I may be the world’s worst note taker – I always have good intentions, and as the speakers are talking everything seems so clear to me, I just jot down a few words and phrases…thinking that later I’ll remember what the hell was going on when I wrote it down. I never can remember, I should by a recorder. This is a very brief, quick & dirty recap. If you want more info, well – fly to Austin next time. Just kidding – there are about 400 people in attendance, finding a detailed review should not be a problem.
Here a tweet, there a tweet, everywhere a tweet tweet
Day one of PubCon was like a huge Tweet-up. Every session I was in somehow managed to bring it. If the presenters didn’t then an attendee or two would ask a question about how it would apply to whatever was being discussed. I don’t know how many people were tweeting from the crowd, but #PubCon was trending on Twitter for a good part of the day, and mid afternoon the two T-1s feeding the data to the show were overwhelmed and people had a hard time getting a good connection.
Chris Brogan and Guy Kawasaki kicked things off with a fireside chat – complete with a virtual fireplace courtesy of Chris’ laptop. Chris started out asking about Guy’s blogging and past jobs – Guy would have none of that and quickly was pronouncing his love of Twitter. Guy said he wishes that email would be limited to 140 characters (yikes! inbox zero might never happen again). Twitter is a weapon. Guys big thing these days is AllTop, he uses twitter to drive tons of traffic to it. Uses tools like TweetDeck and TwitterHawk he is able to track down people talking about things he has covered at Alltop and send them a link to it – it’s a bit more complicated than that, but it is pretty cool. [side note: I need to investigate this tool more and tell you all about it]. Guy is a very entertaining speaker. If you want more details, check out the OutSpoken Media pages Guy Kawasaki Fireside Chat With Chris Brogan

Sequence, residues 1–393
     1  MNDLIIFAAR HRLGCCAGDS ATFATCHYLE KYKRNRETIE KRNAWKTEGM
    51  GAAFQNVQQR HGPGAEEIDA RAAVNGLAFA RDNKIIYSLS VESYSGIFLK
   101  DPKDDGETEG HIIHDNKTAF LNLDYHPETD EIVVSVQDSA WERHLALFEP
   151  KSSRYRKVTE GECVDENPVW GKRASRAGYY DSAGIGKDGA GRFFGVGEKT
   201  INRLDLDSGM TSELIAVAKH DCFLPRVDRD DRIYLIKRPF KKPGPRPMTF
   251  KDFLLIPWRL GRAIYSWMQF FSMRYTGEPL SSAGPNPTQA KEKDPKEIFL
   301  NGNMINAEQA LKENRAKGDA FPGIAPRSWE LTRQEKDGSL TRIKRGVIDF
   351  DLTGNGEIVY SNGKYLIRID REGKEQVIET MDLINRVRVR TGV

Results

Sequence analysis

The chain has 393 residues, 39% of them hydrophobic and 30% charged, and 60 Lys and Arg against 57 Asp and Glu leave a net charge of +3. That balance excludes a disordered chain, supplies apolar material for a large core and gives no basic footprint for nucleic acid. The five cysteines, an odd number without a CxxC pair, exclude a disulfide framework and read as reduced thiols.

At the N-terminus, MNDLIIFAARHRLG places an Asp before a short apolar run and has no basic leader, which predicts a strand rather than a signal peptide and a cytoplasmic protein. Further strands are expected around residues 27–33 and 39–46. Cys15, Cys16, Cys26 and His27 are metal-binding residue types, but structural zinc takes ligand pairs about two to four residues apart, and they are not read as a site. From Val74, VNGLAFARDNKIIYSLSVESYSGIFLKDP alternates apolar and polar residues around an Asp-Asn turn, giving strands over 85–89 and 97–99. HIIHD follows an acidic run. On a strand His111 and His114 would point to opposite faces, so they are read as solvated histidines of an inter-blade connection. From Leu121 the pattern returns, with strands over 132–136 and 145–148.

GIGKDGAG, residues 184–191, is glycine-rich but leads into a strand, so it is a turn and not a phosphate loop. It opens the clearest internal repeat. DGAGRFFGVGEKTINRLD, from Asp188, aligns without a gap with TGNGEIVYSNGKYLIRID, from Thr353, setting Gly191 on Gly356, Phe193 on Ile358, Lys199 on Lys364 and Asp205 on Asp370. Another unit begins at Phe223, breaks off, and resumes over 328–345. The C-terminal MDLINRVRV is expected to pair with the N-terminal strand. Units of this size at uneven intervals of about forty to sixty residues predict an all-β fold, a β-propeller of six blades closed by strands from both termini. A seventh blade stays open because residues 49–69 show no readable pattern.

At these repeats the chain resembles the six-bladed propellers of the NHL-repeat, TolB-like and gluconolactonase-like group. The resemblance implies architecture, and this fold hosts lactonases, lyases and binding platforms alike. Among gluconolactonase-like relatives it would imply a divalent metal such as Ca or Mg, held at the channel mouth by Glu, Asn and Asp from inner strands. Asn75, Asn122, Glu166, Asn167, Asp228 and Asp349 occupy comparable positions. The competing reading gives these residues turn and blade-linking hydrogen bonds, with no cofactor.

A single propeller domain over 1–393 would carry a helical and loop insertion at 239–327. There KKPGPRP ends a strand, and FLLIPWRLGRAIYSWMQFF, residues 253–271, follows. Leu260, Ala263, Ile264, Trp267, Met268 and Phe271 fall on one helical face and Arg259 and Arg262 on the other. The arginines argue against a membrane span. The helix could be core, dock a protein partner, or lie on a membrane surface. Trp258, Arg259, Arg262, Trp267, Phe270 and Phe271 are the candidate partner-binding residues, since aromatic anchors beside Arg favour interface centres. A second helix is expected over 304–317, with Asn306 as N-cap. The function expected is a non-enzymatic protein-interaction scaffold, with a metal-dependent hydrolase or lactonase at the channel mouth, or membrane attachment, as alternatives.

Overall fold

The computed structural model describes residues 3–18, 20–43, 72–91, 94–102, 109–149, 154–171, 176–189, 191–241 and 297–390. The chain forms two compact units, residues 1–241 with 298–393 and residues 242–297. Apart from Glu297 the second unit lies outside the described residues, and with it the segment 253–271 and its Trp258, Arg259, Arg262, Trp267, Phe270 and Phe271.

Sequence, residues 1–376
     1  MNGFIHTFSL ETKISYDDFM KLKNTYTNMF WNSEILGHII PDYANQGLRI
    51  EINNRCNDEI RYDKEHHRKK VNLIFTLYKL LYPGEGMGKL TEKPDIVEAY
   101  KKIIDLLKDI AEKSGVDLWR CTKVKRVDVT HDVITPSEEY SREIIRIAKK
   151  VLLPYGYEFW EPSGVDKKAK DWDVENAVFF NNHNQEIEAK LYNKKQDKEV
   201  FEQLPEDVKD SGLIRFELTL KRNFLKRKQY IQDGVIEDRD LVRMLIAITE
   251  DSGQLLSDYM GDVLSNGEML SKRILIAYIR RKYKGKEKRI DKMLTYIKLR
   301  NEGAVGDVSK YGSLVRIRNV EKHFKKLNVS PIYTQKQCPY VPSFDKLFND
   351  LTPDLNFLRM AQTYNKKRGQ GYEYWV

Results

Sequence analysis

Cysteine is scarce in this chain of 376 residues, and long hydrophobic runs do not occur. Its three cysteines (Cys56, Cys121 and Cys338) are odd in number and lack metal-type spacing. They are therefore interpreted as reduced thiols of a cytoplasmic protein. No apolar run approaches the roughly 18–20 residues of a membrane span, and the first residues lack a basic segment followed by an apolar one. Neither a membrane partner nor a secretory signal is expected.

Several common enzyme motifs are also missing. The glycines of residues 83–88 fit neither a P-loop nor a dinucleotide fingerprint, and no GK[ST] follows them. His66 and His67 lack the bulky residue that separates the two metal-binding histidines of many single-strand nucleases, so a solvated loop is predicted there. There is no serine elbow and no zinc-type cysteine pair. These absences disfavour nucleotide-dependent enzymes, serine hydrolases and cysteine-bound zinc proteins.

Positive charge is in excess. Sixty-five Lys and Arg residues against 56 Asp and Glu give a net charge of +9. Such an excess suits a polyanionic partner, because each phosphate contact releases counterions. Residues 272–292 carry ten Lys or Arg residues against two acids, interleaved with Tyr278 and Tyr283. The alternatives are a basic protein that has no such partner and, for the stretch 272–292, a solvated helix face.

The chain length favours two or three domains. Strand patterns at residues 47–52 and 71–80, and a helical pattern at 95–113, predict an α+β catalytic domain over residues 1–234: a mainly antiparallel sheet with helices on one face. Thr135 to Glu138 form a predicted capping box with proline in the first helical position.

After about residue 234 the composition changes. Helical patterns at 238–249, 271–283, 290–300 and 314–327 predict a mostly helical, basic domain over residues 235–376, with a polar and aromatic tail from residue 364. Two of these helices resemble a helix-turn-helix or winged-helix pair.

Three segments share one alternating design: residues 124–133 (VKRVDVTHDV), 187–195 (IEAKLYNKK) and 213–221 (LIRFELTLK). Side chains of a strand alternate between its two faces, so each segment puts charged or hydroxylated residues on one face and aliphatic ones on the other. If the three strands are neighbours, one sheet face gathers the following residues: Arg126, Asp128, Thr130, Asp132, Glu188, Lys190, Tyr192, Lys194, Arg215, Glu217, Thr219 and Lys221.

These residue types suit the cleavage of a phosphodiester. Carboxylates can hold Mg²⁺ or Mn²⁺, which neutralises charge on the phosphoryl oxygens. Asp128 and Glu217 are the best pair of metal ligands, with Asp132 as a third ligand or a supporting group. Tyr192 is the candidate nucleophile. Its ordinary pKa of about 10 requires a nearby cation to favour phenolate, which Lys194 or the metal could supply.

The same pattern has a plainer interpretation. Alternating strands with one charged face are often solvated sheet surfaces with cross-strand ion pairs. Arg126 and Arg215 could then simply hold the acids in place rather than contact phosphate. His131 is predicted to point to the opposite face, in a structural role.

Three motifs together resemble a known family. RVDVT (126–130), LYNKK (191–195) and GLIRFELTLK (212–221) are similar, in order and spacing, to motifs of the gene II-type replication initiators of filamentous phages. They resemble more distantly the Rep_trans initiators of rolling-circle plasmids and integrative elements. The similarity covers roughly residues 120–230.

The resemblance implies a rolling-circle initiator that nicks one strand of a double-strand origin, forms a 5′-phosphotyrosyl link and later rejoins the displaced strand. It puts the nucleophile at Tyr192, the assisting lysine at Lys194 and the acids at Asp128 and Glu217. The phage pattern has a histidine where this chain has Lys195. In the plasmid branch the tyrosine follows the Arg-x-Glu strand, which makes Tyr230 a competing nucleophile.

In Houes SEO – Working within the walls
The session got off to a rough start, 2 of the 3 panelists took ill. Thankfully, some quick work by the PubCon folks filled the slots just as the opening bell rang. I wish I could remember names – sorry.
Informal poll of the crowd showed that most just wanted to know what to do and how to start – presenters obliged and modified slides on the fly. Nice.
First presenter gave three quick tips
- Keep reports simple.
She suggested using colors; red, green & yellow. This allows execs to quickly scan and pause on are they want more information on, helps to not bog them down with overload.
- Be consistent in your reporting, good or bad.
If things are going great, everyone will be happy. If not going well, honesty will build your credibility, especially when your corrective actions fix whatever happened.
- Make your tasks actionable.
Set goals that can be achieved, make progress
When beginning an in house SEO program, many think you need buy in from top down, presenters say the opposite is needed. When you start making changes and “monkeying” with pages, the front-line troops will be with you or against you and either way the bosses will hear about it.
Plan of attack should be 1) make a list of changes, 2) implement quick fixes, 3) audit results and 4) repeat as needed.
You need to know where traffic comes from, and what are searches looking for; brand terms, or generic terms – determine which to work on first. Some sites do well for brand and not generic, and visa-versa.